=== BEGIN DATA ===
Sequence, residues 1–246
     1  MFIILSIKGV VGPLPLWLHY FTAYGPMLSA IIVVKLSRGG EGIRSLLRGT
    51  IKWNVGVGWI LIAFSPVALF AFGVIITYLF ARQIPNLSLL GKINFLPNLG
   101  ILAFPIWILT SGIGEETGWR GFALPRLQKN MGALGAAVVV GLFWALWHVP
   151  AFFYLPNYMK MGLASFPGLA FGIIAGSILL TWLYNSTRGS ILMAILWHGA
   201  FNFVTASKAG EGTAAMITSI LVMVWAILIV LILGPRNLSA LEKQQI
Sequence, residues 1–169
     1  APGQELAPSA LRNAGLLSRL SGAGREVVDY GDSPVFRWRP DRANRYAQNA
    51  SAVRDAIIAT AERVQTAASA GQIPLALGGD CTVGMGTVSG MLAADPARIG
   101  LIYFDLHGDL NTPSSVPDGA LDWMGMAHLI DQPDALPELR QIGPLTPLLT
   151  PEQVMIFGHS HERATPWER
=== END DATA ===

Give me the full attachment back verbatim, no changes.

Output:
Sequence, residues 1–246
     1  MFIILSIKGV VGPLPLWLHY FTAYGPMLSA IIVVKLSRGG EGIRSLLRGT
    51  IKWNVGVGWI LIAFSPVALF AFGVIITYLF ARQIPNLSLL GKINFLPNLG
   101  ILAFPIWILT SGIGEETGWR GFALPRLQKN MGALGAAVVV GLFWALWHVP
   151  AFFYLPNYMK MGLASFPGLA FGIIAGSILL TWLYNSTRGS ILMAILWHGA
   201  FNFVTASKAG EGTAAMITSI LVMVWAILIV LILGPRNLSA LEKQQI
Sequence, residues 1–169
     1  APGQELAPSA LRNAGLLSRL SGAGREVVDY GDSPVFRWRP DRANRYAQNA
    51  SAVRDAIIAT AERVQTAASA GQIPLALGGD CTVGMGTVSG MLAADPARIG
   101  LIYFDLHGDL NTPSSVPDGA LDWMGMAHLI DQPDALPELR QIGPLTPLLT
   151  PEQVMIFGHS HERATPWER